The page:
Er, not a cold that makes me …. nevermind. I should change the title of this post.
Anyway, I caught a regular old cold. While nursing my sore throat with… coffee I was reading this blog (which I am hooked on) and laughing because we’ve also had several linguistic “lost in translation” moments around the apaato lately.
1. The first was when T asked for a basic English lesson. I happened to be eating strawberries at the time, so I pointed to then and said “these are strawberries”. And then I pointed to a pencil and said “this is a pencil”.
He looked thoughtful and repeated “Jesus strawberries”. After laughing for a few minutes I said “Nononono not Jesus!” But he had already made a connection
“That’s why I hear people say Jesus so much in English, ne?”
Now everything in our house is related to Jesus. I told him only when he started seeing Disciples in our apaato would that be appropriate, but he responded with another useful English phrase I’ve taught him: “Yes dear”~ his answer whenever I say anything in English that he just doesn’t get.
2. Last night while walking from the grocery store together (he told me one can mix Japanese-style curry and UDON together, and I immediately decided we needed to have that shiz for dinner): we were dividing up the grocery bill for fairness’ sake and I said in English
“Let’s swap!” (his 500 yen for my 1000)
He gasped like a schoolgirl and looked around. Then he leaned in and whispered 「エッチの意味があるよ」(that means something sexual). I kinda knew what he was driving at, but, having fun, I asked him what on earth it could mean, as swap was a perfectly neutral word in English.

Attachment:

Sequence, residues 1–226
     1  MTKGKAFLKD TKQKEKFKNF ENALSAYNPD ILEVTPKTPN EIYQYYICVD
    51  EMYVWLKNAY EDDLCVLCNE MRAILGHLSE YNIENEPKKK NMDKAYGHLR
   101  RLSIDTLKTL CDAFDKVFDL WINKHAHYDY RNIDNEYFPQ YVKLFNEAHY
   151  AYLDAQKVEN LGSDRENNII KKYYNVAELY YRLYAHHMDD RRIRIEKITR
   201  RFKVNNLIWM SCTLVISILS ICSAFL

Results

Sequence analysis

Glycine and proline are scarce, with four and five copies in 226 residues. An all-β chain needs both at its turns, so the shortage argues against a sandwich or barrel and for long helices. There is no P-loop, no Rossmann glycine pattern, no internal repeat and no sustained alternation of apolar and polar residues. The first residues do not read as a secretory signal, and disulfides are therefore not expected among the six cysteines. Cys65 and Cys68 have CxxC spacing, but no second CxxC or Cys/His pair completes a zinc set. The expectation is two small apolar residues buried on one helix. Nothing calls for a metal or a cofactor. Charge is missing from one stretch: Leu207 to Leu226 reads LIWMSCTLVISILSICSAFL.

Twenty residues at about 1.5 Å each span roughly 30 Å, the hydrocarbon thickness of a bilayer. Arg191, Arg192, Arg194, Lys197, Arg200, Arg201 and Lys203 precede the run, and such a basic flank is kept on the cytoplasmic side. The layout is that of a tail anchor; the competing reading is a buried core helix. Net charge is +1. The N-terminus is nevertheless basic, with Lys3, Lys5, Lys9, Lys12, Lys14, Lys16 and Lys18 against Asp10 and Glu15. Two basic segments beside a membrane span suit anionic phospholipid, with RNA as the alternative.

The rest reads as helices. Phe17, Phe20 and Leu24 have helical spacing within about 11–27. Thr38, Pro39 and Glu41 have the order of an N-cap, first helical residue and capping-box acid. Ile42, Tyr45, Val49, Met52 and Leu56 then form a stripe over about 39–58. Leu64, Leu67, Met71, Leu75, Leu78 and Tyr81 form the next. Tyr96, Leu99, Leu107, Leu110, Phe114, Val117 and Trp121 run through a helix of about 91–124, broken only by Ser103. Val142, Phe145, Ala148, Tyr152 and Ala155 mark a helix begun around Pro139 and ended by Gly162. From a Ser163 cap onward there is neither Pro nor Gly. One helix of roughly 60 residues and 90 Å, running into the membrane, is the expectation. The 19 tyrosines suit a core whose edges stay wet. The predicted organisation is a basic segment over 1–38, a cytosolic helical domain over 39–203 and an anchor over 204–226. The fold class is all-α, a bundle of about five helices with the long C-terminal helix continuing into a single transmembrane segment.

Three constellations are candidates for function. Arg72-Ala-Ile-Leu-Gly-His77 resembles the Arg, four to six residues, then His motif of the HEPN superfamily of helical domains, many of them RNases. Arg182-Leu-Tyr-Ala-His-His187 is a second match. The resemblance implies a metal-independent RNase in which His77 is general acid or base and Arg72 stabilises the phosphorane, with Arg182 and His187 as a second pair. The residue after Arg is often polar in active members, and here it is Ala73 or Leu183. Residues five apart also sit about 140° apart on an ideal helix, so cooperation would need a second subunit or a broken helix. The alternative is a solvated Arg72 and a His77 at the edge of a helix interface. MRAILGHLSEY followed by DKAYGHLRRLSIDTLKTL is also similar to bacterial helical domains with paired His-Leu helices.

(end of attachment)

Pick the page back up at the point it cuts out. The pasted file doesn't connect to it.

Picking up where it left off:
He looked thoughtful and said he couldn’t remember, BUT HE KNEW IT WAS ECCHI. This mademe laugh so loudly I embarrassed poor T in a crowd of cranky underslept salarymen. Finally, after the wheels had turned for a while he remembered, and his voice got quiet: “It’s like if X-chan (female friend) and her husband Y-kun came over, and I ‘did it’ with her and you ‘did it’ with him.”
This set me off laughing even more. Finally, I said “nonono I’d sex her up and you could have Y-kun”. His eyes got big and he pretended to be interested in the koi pond nearby. I’m sure he was thinking “I could have stuck to dating nice Japanese girls..”
Thus ensued a discussion about how sure “spouse swapping” is something you can say in English, but perhaps closer to the meaning he was thinking of, in contemporary parlance was “swinging”. Poor boy, I shouldn’t have mentioned the clubs in every major U.S. city dedicated to such activities, or added that I’ve been to one (not as a participant, for a modeling show held there).
Also- curry udon = oishii yo.